Banana as a leavening agent?

Joined Sep 8, 2015
Mrs. Hank is making a bar cookie recipe (below) and a variation is to add banana and leave out the baking soda.  What's the deal?  Will the banana act as a leavening agent?  

Bar Cookie Basics
Line a 9-by-13-inch baking dish with foil, leaving a 2-inch overhang on two sides; coat the foil with cooking spray. Preheat the oven to 350 degrees F (unless making no-bake bars, Nos. 44 through 50).
Prepare your batter or dough. Spread in the prepared pan or press in using damp or oiled fingers.
Bake as directed, then transfer to a rack and let cool completely in the pan. 


1. Chocolate Chip Cookie Bars Beat 2 sticks softened butter and 1 cup each granulated and light brown sugar with a mixer on medium-high speed until fluffy; add 3 eggs and 1 1/2 teaspoons vanilla. Reduce the speed to low. Add 3 cups flour and 3/4 teaspoon each baking soda and salt; beat until combined. Stir in one 12-ounce bag chocolate chips. Bake until a toothpick inserted into the center comes out clean, 35 to 40 minutes.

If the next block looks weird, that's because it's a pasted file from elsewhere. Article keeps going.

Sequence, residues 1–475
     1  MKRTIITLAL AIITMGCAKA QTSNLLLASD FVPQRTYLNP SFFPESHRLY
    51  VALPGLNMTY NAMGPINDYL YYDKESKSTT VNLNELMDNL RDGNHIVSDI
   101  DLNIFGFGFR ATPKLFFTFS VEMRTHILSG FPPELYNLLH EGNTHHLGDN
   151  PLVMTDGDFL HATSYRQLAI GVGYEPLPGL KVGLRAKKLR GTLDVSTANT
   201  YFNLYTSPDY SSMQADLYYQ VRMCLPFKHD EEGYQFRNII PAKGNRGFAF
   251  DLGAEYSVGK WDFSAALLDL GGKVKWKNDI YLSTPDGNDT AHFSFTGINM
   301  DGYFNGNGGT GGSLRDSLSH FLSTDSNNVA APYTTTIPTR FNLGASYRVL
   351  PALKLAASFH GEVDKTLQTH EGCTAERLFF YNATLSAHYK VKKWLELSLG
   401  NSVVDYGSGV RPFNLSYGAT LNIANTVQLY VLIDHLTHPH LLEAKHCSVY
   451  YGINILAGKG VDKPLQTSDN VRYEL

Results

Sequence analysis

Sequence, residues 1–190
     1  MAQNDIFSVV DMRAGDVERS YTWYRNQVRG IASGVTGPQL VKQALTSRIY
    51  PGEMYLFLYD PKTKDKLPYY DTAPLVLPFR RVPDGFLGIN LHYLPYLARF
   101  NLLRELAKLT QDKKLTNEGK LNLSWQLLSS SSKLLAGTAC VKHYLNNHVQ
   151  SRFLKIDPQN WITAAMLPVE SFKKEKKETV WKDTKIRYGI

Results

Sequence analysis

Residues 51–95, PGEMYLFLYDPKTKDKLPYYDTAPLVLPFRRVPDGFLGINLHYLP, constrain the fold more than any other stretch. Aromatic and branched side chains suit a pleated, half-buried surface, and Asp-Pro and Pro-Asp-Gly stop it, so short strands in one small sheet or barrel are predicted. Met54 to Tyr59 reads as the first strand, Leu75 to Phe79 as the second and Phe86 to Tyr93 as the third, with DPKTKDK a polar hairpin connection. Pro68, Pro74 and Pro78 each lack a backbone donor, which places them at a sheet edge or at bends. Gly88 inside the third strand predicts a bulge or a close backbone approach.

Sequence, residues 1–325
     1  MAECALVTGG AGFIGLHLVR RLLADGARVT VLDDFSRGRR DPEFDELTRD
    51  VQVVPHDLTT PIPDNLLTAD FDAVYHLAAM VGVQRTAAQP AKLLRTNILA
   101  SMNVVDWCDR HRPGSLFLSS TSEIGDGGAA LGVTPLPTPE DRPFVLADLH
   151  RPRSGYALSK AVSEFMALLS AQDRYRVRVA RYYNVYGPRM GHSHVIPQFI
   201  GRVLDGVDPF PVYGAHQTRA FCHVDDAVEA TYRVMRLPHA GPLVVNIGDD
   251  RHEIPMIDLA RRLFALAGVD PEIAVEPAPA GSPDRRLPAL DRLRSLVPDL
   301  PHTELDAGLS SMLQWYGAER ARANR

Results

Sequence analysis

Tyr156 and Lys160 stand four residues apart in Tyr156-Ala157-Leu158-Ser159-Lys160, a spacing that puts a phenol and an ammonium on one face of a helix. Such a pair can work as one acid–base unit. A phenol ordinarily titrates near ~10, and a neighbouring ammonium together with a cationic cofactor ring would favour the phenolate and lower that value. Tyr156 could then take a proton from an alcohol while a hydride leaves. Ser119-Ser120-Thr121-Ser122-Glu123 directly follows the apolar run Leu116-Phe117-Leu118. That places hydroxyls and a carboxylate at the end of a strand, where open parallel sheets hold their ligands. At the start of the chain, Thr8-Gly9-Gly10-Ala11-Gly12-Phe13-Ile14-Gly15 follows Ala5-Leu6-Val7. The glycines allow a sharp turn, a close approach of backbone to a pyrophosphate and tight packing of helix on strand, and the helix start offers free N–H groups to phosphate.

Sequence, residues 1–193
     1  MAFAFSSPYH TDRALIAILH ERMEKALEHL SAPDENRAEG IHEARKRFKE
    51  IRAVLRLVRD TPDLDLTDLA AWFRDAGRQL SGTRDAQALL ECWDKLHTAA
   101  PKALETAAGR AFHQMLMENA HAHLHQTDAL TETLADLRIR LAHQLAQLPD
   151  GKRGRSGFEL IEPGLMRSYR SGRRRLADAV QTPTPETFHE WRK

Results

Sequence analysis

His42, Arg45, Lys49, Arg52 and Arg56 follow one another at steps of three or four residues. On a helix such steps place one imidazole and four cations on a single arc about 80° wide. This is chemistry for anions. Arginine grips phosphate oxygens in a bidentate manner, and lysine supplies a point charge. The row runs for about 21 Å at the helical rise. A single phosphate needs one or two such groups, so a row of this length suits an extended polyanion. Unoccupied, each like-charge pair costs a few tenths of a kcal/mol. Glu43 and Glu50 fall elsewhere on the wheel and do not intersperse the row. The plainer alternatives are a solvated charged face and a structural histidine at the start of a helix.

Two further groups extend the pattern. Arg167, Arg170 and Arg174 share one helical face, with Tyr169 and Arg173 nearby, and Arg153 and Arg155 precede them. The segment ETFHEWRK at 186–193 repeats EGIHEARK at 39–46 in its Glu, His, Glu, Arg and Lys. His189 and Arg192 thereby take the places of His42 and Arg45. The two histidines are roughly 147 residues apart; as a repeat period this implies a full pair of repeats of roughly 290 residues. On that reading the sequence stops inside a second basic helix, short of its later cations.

6. Banana-Chocolate Bars Make Chocolate Chip Cookie Bars (No. 1), adding 1 mashed large overripe banana with the eggs; omit the baking soda and chocolate chips. Dollop 1/2 cup chocolate-hazelnut spread onto the batter in the pan and swirl. Bake 30 to 35 minutes.
Joined Oct 10, 2005

Basically, you have only two types of leavening, chemical and mechanical.

Chemical is pretty obvious, baking pwdr, baking soda, and yeast all form gas.

When you beat eggs or eggwhites, you increase the volume by adding air. If you fold this into a batter or dough and bake, the trapped air expands as it is heated. Thats mechanical leavening.

Bannanas and baking soda? No idea....

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